Guillain-Barre Syndrome

  1. General information
    1. Symmetrical, bilateral, peripheral polyneuritis characterized by ascending paralysis
    2. Can occur at any age; affects women and men equally
    3. Cause unknown; may be an autoimmune process
    4. Precipitating factors: antecedent viral infection, immunization
    5. Progression of disease is highly individual; 90% of clients stop progression in 4 weeks; recovery is usually from 3-6 months; may have residual deficits
  2. Medical Management
    1. Mechanical ventilation if respiratory problems present
    2. Plasmapheresis to reduce circulating antibodies
    3. Continuous ECG monitoring to detect alteration in heart rate and rhythm
    4. Propranolol to prevent tachycardia
    5. Atropine may be given to prevent episodes of bradycardia during endotracheal suctioning and physical therapy.
  3. Assessment findings
    1. Mild sensory changes; in some clients severe misinterpretation of sensory stimuli resulting in extreme discomfort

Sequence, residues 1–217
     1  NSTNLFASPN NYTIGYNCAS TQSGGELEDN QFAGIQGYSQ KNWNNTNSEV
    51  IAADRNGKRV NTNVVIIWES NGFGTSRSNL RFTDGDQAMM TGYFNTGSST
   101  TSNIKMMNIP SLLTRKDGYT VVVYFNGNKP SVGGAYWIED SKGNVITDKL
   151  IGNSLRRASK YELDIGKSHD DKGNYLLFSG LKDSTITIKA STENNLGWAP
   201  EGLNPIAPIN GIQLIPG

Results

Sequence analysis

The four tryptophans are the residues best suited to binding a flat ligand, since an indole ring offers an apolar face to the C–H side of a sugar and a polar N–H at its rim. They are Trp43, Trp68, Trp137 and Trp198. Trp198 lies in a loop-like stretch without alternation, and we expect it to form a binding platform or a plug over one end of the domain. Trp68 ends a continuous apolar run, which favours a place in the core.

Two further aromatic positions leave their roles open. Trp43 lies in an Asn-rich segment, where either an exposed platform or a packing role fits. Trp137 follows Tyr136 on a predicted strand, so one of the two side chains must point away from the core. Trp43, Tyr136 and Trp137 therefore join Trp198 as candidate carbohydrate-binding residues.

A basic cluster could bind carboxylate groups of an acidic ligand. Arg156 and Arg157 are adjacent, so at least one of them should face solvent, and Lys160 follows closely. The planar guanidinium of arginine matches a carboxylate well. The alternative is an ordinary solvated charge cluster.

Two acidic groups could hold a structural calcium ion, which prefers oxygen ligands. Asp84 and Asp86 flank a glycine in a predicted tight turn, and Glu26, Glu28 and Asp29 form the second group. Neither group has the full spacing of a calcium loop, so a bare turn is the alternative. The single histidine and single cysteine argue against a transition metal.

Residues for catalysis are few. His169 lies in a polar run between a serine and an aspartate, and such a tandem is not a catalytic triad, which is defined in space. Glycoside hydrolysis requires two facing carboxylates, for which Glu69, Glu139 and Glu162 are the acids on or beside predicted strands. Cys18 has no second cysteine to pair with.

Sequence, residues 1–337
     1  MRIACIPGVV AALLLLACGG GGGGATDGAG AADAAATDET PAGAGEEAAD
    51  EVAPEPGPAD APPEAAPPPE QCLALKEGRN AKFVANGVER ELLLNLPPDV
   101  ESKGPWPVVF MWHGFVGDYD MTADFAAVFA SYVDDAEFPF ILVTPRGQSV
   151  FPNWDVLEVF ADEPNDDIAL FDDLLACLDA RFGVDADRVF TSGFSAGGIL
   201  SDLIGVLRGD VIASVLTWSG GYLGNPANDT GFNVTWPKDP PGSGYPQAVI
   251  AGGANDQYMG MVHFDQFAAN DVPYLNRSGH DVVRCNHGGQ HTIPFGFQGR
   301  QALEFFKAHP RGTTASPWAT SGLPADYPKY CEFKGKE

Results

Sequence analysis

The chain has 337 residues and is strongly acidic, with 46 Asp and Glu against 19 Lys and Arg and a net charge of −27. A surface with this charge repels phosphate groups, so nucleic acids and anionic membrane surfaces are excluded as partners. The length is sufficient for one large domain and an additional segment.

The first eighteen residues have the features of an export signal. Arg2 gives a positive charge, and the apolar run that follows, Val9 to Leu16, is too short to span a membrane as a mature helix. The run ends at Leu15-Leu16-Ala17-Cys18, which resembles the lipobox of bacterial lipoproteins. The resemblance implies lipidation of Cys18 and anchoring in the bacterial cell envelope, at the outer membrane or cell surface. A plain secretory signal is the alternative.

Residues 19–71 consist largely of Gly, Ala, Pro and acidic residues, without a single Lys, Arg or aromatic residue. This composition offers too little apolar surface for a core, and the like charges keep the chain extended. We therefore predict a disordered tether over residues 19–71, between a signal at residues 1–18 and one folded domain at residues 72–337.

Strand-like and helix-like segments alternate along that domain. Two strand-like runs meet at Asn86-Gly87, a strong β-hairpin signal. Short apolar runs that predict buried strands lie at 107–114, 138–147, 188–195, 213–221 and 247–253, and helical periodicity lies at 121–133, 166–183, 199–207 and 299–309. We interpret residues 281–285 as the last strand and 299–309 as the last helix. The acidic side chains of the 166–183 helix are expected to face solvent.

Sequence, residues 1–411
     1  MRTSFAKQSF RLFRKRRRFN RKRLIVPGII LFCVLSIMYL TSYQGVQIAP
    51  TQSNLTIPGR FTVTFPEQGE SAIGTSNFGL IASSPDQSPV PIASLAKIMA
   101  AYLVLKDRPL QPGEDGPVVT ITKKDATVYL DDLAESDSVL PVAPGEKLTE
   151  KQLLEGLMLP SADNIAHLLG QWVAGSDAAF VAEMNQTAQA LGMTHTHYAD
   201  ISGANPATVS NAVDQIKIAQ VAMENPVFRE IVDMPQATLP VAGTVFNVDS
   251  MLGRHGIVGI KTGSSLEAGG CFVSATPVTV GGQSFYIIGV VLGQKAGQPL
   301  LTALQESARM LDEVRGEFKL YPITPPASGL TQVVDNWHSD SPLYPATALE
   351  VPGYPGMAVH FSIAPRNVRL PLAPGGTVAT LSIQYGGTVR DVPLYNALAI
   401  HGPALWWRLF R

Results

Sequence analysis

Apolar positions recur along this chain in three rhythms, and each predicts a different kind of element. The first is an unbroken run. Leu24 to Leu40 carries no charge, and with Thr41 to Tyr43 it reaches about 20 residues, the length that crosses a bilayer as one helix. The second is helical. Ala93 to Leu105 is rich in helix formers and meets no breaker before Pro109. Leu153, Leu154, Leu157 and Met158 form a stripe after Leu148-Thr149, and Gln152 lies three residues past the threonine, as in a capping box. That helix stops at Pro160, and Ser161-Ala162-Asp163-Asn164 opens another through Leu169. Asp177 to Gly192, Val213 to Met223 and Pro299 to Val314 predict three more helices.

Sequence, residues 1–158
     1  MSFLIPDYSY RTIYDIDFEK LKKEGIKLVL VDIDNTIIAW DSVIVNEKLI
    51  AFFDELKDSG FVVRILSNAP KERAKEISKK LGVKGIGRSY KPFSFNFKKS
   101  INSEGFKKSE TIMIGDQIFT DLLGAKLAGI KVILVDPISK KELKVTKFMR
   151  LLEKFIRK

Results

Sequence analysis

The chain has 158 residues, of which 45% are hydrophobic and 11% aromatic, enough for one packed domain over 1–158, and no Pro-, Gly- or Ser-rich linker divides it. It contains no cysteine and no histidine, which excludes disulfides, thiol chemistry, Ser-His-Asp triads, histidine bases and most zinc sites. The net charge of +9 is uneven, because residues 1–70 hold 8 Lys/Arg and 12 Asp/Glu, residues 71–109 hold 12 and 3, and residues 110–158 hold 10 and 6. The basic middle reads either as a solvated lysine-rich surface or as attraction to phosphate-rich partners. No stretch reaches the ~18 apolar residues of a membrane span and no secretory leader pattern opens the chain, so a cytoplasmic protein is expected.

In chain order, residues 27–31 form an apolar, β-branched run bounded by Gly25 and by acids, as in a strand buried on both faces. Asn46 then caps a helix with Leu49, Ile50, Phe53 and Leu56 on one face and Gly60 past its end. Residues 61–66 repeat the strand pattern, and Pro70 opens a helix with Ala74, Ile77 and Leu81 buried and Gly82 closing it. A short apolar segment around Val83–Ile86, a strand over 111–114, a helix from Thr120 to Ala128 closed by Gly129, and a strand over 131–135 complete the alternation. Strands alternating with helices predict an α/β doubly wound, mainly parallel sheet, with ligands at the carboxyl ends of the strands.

2. Clumsiness: usually first symptom
    3. Progressive motor weakness in more than one limb (classically is ascending and symmetrical)
    4. Cranial nerve involvement (dysphagia)
    5. Ventilatory insufficiency if paralysis ascends to respiratory muscles
    6. Absence of deep tendon reflexes
    7. Autonomic dysfunction
    8. Diagnostic tests
      1. CSF studies: increased protein
      2. EMG: slowed nerve conduction
  4. Nursing interventions
    1. Maintain adequate ventilation.
      1. Monitor rate and depth of respirations; serial vital capacities.
      2. Observe for ventilatory insufficiency.
      3. Maintain mechanical ventilation as needed; keep airway free of secretions and prevent pneumonia.
    2. Check individual muscle groups every 2 hours in acute phase to check for progression of muscle weakness.
    3. Assess cranial nerve function: check gag reflex and swallowing ability; ability to handle secretions; voice.
    4. Monitor vital signs and observe for signs of autonomic dysfunction such as acute periods of hypertension fluctuating with hypotension, tachycardia, arrhythmias.
    5. Administer corticosteroids to suppress immune reaction as ordered.
    6. Administer antiarrhythmic agents as ordered.
    7. Prevent complications of immobility.
    8. Promote comfort (especially in clients with sensory changes): foot cradle, sheepskin, guided imagery, relaxation techniques.
    9. Promote optimum nutrition.
      1. Check gag reflex before feeding.
      2. Start with pureed foods.
      3. Assess need for nasogastric tube feedings if unable to swallow.
    10. Provide psychologic support and encouragement to client/significant others.
    11. Refer for rehabilitation to regain strength and to treat any residual deficits.

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